In our examples so far, we’ve used raw text in all of our messages, like: client.emit "Here, piggy piggy piggy.". In the real Ares code, however, you’ll see things like this:

client.emit t('db.object_not_found')

What’s up with that t() stuff?

Ares is designed for non-English games too. All of the game code can be translated into other languages simply by swapping in different translation files, called a Locale. The t() function (short for ‘translate’) takes a key like “db.object_not_found” and turns it into the appropriate text (like “Not found!” or “Nicht gefunden!” depending on the game’s language.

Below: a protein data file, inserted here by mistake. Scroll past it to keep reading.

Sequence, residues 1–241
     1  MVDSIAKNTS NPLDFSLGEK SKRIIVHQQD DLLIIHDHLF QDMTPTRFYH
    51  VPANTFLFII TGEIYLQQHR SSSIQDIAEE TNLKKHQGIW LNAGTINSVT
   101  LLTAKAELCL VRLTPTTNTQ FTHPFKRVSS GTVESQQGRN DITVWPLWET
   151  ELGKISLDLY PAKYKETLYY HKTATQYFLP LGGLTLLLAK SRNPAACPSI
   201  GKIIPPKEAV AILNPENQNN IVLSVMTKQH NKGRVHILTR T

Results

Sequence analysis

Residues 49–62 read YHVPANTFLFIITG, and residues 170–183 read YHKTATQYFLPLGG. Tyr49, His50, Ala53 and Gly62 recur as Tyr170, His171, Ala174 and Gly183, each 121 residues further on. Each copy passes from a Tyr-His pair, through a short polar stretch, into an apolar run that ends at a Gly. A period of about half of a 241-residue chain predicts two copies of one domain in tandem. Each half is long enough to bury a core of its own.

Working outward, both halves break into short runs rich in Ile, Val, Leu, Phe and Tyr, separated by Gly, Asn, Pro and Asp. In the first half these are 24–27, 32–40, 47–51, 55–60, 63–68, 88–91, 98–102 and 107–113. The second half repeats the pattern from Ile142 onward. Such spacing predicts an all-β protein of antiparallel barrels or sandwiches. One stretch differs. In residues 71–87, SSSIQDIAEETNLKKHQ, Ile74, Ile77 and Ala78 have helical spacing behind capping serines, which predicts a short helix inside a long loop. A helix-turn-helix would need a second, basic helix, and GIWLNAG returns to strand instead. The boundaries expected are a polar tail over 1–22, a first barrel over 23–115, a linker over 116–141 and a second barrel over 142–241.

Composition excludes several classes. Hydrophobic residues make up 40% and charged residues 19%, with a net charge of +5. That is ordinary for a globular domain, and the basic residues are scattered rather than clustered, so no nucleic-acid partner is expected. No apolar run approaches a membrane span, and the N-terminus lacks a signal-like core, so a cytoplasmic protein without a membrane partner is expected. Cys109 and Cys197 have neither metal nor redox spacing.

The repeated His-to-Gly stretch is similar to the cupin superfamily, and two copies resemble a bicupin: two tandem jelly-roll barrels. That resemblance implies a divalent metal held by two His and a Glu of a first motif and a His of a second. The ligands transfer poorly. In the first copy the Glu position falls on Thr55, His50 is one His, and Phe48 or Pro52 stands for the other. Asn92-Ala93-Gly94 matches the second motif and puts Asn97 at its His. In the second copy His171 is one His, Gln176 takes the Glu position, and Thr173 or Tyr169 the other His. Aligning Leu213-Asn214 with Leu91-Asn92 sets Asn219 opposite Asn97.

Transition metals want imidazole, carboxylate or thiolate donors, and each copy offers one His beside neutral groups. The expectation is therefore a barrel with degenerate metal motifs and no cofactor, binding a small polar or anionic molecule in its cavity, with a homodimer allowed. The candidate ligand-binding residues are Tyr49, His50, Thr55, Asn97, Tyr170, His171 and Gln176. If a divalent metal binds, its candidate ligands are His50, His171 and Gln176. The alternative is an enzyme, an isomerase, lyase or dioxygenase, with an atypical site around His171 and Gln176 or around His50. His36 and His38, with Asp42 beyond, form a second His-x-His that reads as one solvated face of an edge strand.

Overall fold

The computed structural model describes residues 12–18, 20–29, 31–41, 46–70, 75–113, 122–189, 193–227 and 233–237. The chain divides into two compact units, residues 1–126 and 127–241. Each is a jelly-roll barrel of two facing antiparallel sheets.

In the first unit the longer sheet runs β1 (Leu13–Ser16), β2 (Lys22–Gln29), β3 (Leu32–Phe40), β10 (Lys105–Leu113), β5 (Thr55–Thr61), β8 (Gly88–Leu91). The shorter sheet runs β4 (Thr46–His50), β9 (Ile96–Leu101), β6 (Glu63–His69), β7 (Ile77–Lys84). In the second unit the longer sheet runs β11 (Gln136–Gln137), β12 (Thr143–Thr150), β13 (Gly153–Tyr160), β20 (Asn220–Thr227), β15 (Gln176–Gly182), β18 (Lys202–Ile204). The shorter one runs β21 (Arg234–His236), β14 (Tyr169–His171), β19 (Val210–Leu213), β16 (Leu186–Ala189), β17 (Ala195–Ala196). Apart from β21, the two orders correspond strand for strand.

You don’t have to worry about localizing the strings if you don’t want to. It’s fine to just write the messages in whatever language your game is using.

We mostly mention localization here as a FYI so you understand what’s going on when you see t() all over the place. But there are advantages to using localized strings if you choose to:

  • It keeps all your text prompts in an easy-to-find place.
  • You can re-use prompts in multiple files and only have to change them in one spot.
  • You can share your code with the broader Ares community.
  • It’s just a good software practice to learn.

There’s a separate article on Localization for you in the Advanced Coding section if you ever want to incorporate localized strings into your code.

Try It!

Try out a translation:

ruby t('db.object_not_found')

And one that takes an argument:

ruby t('describe.desc_set', :name => "Bob")

This article is part of the Code Quickstart tutorial.